Computer visionary Robert Taylor helped lay the foundations for internet and modern computing 50 years ago. He wasn’t actually a computer scientist, rather he studied psychology at the university.
However, his work as an engineer at several aircraft companies and NASA paved way for him to join the Advanced Research Project Agency in 1965.
Last week Taylor died at the age of 85, he had suffered from Parkinson’s disease among other ailments.
The Birth of Internet:
Taylor was always inspired by the idea of expanding human interaction using computer technology. During his time at ARPA as the director of the organisation’s Information Processing Techniques, he envisioned an interconnected computer network.
At ARPA, Taylor had three separate computer terminals in his office to communicate. Each terminal connected to a different computer in a different part of the country.
Taylor was frustrated that they could not use the computer simultaneously and the research was duplicated.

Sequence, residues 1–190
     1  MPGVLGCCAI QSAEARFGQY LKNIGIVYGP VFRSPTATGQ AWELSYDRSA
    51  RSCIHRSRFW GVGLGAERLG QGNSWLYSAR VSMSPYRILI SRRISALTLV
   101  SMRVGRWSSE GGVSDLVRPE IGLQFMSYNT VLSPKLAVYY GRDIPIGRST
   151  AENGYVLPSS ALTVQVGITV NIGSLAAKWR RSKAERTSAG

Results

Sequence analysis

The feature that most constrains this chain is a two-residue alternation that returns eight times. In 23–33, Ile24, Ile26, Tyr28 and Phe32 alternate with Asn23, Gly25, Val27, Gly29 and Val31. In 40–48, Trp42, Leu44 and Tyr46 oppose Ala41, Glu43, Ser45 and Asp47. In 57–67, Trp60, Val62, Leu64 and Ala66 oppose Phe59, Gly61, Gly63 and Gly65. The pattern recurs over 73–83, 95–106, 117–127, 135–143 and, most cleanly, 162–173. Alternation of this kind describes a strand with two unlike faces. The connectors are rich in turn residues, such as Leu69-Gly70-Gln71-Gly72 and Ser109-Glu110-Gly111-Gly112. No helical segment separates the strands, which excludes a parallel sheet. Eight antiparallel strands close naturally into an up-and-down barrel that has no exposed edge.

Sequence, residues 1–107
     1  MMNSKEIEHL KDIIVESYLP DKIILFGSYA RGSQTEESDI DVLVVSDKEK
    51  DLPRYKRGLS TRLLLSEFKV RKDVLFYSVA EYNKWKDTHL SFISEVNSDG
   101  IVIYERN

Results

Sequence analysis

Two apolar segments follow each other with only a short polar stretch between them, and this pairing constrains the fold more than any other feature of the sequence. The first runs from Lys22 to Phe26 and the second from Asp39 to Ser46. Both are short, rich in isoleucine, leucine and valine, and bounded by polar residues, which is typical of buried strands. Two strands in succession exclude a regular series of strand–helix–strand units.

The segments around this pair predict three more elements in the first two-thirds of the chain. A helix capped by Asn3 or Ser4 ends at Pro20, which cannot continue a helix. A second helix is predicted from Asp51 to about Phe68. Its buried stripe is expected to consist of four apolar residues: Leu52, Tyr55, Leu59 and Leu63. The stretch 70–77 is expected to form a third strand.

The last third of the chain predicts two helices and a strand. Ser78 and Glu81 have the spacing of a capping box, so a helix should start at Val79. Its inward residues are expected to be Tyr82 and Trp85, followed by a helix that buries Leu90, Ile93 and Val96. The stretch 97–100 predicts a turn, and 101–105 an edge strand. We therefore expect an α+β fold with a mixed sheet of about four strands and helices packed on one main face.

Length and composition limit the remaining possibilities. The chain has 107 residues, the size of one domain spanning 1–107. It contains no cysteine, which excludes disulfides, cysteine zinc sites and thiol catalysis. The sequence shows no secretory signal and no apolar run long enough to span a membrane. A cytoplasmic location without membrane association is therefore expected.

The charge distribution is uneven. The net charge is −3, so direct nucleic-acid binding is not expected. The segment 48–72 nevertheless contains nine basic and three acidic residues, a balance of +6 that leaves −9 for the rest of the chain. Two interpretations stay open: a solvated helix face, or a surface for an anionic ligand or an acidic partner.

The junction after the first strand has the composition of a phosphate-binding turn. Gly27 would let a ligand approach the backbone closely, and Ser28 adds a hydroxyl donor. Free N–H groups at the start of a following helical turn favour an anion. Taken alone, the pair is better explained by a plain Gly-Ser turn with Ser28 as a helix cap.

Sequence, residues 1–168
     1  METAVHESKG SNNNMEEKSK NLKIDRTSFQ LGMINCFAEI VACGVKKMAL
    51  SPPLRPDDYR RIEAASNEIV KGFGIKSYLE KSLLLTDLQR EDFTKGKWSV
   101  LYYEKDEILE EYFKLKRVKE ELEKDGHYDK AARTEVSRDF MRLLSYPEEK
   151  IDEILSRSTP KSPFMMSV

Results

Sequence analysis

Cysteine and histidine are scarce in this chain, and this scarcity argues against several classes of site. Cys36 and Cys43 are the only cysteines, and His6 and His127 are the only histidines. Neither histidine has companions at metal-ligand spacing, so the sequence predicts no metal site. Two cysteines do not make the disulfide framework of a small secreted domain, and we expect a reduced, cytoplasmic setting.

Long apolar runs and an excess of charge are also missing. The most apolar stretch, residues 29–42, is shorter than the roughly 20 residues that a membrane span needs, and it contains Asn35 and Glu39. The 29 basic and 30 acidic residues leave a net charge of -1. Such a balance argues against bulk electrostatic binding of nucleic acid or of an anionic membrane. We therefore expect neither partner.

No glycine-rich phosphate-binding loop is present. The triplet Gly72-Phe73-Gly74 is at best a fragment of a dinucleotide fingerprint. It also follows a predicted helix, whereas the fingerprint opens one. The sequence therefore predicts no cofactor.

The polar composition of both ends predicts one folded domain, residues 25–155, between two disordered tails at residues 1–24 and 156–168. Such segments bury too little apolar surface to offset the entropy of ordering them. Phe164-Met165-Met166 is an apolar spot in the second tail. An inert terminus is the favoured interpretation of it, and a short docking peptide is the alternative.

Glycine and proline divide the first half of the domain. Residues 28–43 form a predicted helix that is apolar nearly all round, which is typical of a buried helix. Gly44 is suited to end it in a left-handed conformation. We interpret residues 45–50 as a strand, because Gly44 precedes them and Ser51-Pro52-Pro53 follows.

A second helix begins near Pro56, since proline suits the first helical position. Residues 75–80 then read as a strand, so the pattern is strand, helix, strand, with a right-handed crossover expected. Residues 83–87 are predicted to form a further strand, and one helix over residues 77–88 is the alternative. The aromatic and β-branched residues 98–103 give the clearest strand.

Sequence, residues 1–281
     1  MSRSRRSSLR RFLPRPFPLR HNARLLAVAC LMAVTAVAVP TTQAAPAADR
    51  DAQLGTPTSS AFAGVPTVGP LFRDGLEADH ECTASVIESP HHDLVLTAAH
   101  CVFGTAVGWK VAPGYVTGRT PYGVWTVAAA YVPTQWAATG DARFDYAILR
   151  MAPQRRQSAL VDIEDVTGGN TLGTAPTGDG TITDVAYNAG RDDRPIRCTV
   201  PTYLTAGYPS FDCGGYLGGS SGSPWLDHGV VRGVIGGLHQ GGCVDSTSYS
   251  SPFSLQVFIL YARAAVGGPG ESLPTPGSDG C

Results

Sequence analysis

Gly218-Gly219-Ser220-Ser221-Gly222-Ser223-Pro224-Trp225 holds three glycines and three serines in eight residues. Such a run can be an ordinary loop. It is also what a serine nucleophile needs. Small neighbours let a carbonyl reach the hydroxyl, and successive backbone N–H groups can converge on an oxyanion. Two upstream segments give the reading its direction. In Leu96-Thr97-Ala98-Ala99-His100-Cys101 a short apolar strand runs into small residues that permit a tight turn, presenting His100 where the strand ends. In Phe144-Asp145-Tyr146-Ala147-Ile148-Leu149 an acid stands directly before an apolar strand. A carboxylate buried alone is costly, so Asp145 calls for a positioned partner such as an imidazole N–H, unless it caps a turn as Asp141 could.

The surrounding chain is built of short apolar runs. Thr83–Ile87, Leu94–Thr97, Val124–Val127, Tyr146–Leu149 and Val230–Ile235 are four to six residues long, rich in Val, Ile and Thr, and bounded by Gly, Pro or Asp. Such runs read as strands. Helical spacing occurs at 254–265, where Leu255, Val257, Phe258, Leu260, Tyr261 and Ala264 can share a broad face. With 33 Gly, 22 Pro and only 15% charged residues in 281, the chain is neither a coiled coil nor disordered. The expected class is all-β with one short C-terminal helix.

“You don’t have to look at this very long to realize this is silly. This is stupid. So I decided, OK, I want to build a network that connects all of these.”
That shared network, ARPANET, evolved into what would become the internet.
Inspiration for Apple and Microsoft:
After ARPANET was up and running in 1969, Taylor left the program and founded the Computer Science Laboratory Xerox Parc.
There his team built Alto – a personal computer, it was networked, controlled by a ball-driven mouse and used a graphical user interface (Gui).
Steve Jobs and others from Apple were given an early look, and that become the inspiration for Apple Lisa and later the Apple Mac.
This computer also had a software named “Bravo”, which was kind of a word processor. Later the developer of this software, joined Microsoft where he created Microsoft Word.
AltaVista Search Engine and Java:
After quitting from Xerox, Taylor joined Digital Equipment Corporation, where he helped create AltaVista, an early internet search engine, and a computer language that later evolved into Java.
Predictions About the Future of Technology:
In 1968 he predicted that, In a few years, men will be able to communicate more effectively through a machine than face to face. He also said that people would soon wear a device that would record everything they saw or heard.